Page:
Prinz and Baker are in total agreement when they encourage putting a professional in charge to protect your lawn and your investment. “The most common mistake people make in lawn care is underestimating the effort required to keep a lawn properly maintained,” says Baker. Prinz also sees over-mowing weakening turf and increasing vulnerability to disease. Landscaping is so much more than mowing weekly or bi-weekly. A professional will know when skipping a week on the mower is actually beneficial.

An additional landscape problem Prinz has noted is excessive shade resulting from another common mistake: over-planting, and/or improper placement of trees and plants. When over-planting is an issue, plants and trees are forced to compete for limited resources. Keeping trees well-trimmed will help with any shade issues, but nothing short of removing the offending plants will fix an aggressive root system. Baker suggests, “Keep watering in check—too much or too little can lead to a host of problems. Address issues such as disease, pest, and weeds as soon as they are noticed.” Prevention is always the best course of action, since lawn problems can develop quickly and spread rapidly in a sub-tropical climate.

Weed and Feed

When it comes to weeding and feeding the landscape there are a host of environmentally-friendly products on the market. In the hands of a certified lawn care professional, these products will enhance the lawn and landscaping. At no time should an untrained person apply these products since there are so many variables involved with a correct application. For the best results with weed control, Baker at Broward Landscaping recommends using a pre-emergent herbicide during the winter months (late January through early February), followed by a post-emergent herbicide throughout the summer when the grass is moist. Fertilizer mixtures can vary greatly; the composition will dictate the best time to apply the chemicals for optimum results.

Typical pests in South Florida include, but are not limited to, chinch bugs and the white fly. “The average person may not realize some insects are more active during the winter months,” says Prinz. “The white fly is one example of such an insect. We tend to get comfortable with the knowledge we have and then apply it to all insects, but the white fly is not dormant in the winter months in Florida.”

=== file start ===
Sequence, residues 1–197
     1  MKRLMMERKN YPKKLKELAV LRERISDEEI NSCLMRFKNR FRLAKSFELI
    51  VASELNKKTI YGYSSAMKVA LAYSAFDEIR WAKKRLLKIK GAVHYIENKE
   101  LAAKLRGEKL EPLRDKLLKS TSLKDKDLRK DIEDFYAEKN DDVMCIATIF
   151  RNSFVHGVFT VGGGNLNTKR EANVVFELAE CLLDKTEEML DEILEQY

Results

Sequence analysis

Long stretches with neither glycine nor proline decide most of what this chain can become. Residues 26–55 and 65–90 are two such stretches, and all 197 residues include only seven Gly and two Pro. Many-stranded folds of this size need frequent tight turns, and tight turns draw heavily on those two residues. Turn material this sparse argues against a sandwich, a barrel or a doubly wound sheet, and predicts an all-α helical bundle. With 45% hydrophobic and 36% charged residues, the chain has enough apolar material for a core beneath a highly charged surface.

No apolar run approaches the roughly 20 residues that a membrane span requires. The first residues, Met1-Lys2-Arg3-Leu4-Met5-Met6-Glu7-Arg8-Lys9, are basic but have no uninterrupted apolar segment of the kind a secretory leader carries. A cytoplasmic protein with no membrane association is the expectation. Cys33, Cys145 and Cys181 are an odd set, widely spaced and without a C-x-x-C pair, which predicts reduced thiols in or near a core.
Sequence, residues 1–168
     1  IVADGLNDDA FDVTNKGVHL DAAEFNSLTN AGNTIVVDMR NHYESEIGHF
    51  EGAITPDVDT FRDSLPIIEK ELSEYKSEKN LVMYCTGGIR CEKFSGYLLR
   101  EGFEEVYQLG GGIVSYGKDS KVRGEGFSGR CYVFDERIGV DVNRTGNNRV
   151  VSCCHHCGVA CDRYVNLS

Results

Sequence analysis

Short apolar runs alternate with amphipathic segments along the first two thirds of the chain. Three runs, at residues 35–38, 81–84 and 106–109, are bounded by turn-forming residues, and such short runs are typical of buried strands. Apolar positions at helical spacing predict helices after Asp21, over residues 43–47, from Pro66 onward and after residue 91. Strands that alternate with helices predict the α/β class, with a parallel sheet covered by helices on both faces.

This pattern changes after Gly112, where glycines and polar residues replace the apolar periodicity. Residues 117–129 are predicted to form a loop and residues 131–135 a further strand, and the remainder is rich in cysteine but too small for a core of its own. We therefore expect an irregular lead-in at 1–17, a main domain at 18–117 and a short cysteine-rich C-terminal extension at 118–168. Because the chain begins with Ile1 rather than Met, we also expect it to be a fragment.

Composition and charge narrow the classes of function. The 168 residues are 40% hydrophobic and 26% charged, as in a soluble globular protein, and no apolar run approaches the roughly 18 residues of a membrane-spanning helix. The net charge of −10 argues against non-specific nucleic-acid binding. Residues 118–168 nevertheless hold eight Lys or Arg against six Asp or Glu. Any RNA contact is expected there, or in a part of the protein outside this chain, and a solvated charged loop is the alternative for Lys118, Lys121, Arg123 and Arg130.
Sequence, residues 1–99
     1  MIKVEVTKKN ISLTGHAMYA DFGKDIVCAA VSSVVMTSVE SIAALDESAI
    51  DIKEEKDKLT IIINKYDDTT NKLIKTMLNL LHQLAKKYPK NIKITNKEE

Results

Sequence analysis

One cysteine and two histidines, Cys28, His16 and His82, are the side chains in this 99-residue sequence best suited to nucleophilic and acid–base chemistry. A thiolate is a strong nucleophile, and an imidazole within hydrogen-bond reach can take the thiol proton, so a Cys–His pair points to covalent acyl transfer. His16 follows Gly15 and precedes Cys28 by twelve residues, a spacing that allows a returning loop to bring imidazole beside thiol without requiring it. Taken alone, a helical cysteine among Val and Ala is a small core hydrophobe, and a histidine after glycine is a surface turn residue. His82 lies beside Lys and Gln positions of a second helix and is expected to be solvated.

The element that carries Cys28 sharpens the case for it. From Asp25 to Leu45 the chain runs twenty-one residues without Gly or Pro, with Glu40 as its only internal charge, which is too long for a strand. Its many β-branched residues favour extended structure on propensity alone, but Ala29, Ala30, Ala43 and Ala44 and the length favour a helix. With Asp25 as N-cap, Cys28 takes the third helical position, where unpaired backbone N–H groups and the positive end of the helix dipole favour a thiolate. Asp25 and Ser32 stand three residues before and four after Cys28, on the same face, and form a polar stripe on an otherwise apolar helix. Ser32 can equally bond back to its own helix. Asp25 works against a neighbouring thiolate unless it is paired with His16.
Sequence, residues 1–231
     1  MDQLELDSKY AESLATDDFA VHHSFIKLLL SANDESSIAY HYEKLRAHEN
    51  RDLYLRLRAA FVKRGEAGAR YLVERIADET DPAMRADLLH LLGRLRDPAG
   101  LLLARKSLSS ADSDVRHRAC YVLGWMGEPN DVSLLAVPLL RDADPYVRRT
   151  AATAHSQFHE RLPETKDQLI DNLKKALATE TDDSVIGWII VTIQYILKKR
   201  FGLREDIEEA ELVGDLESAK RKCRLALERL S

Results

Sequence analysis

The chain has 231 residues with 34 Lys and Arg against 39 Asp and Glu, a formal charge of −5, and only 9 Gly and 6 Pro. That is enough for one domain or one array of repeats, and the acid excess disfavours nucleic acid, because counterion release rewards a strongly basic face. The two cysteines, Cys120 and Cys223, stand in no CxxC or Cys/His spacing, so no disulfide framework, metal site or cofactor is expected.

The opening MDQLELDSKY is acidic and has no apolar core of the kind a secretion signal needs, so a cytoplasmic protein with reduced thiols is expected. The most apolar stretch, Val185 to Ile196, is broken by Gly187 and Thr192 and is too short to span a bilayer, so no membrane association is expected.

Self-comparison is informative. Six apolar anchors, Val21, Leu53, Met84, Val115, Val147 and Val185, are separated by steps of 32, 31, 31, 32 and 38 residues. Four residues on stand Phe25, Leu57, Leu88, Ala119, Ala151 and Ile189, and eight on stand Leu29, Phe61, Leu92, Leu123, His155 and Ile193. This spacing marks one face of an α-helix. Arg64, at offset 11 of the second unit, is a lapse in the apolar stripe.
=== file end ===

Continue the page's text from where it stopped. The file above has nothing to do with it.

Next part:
A recent landscaping report suggests the average one-acre lawn costs $700 and requires 40 hours of labor annually. Prinz believes that figure is “amazingly low” and would expect it be more than double for the area he services. Baker has noted that pricing varies depending on the services and specific needs of any given community. “What is good for property A is not necessarily good for property B,” he states. It is important that each property receive a customized estimate and evaluation for the services recommended.

Prinz and his crew typically spend time checking for anything different or unusual for the properties they service. Swift action can prevent an infestation of pest, or fungus, and save both property appearance and valuable funds. Lawn maintenance should be on a regular schedule that includes both routine care and special preventative and restorative measures as needed.

John Pearson, owner and president of Stardust Farms in Lutz, often has clients contact him after spending time on the Internet. Sometimes it is a re-education process for this 25-year veteran landscaper and wholesaler. Pearson concentrates on the growing side of his business and raises trees and plants for the entire state of Florida. “Many people do not realize the pretty photos on the Internet may not translate to their personal needs. A client will order a particular plant, and then tell me it doesn’t look like my photos when it arrives. Trouble is, it wasn’t my photo.” Often times, most times, a photo on the Internet will show a tree or plant at peak season, and by the time it ships it may be dormant and not as attractive as it was on the computer. And without the expert guidance of a landscape professional, the plant seen online may not be appropriate for the location a client has in mind.

When shopping for expert lawn maintenance advice or services, going online is an excellent way to do the homework and research. Baker notes many lawn maintenance companies offer free consultations and design options, but use the Internet as a tool and then call in the professionals. Landscaping and lawn maintenance are not areas for even the most robust HOA or COA to undertake. The climate conditions, pest, and weeds native to Florida are challenging for even a seasoned professional. Hire the best company available to your association and then relax and enjoy the view.

Anne Childers is a freelance writer and a frequent contributor to The South Florida Cooperator.

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  • I live in SE Florida. I have regular problems with bare grass patches in my backyard. I water twice a week. Is this enough ? I have used grass fertilizer but it does not to seem to make a difference. The grass goes yellow first in the places where the problems occur ? Is it possible to over water grass ??? By the way no weed problems. Would appreciate some advice. Thanks